Boost logo

Boost :

From: Hadriel Kaplan (hadrielk_at_[hidden])
Date: 2020-09-26 15:35:04

> On Sep 26, 2020, at 10:39 AM, Hadriel Kaplan via Boost <boost_at_[hidden]> wrote:
>> On Sep 26, 2020, at 8:37 AM, Mathias Gaunard via Boost <boost_at_[hidden]> wrote:
>> What's the problem with storing it as a string or as an arbitrary
>> number when it's not representable as int64 or a double?
>> It doesn't cost anything to do this, it's a pure extension with no
>> impact on people that don't need it.
> Do you mean encoding `int64_t`/`uint64_t` into JSON as a string, when either: (a) their value otherwise lose precision or even just (b) always?
> Let’s call those options #4a and #4b. Obviously they can’t be default behavior because they don't round-trip.
> #4a seems inconsistent behavior to me, but :shrug:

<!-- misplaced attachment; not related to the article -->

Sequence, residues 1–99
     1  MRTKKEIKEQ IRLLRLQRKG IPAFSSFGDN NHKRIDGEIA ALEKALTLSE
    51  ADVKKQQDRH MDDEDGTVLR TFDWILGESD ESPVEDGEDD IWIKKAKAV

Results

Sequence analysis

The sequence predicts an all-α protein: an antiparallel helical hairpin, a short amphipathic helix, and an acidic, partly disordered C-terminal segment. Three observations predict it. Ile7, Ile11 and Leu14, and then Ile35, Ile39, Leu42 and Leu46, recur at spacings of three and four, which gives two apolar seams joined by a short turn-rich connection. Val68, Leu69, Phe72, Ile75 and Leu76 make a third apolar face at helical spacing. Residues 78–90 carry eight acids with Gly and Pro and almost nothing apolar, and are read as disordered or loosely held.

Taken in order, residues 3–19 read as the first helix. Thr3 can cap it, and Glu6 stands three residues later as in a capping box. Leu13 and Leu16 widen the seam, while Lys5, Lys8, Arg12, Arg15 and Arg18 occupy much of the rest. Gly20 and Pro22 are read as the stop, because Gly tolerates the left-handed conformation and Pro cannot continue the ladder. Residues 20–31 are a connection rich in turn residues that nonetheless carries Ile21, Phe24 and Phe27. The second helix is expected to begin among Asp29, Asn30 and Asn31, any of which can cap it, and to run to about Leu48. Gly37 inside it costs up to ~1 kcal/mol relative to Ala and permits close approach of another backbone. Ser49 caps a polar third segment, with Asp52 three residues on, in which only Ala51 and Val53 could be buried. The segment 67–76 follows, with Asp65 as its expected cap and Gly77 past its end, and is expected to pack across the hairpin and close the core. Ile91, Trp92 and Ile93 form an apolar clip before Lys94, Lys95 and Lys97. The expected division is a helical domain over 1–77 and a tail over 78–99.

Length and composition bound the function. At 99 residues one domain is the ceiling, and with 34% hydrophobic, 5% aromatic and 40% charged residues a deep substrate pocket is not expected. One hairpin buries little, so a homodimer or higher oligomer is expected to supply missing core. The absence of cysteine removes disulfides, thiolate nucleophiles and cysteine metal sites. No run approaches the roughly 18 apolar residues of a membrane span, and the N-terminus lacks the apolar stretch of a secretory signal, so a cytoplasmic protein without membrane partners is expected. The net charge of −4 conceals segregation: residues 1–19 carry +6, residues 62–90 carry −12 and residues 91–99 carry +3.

> #4b seems reasonable, as it’s a common choice people seem to make to keep precision today.

Actually, thinking about this for more than a few seconds, the problem with #4b is _all_ integers in the entire data structure would be encoded as strings, which is probably not what anyone would want. (?)

Suddenly #4a sounds reasonable. :)

In practice, what other C++ libs do is push that decision back onto the user to make - either by having a callback-based serializer, or by simply ignoring it and making the user set the values as strings to begin with. That way the user chooses which particular fields to encode as what, since only the user knows the schema and use-case.

Boost.JSON could also ignore it and push that decision back to the user, but also offer a convenient way to set a string in the json::value from an integral. For example by providing the equivalent of `std::to_string(<integral>)` but for json:string, or even a member function of json::string such as json::string::from(<integral>) or some such.


Boost list run by bdawes at, gregod at, cpdaniel at, john at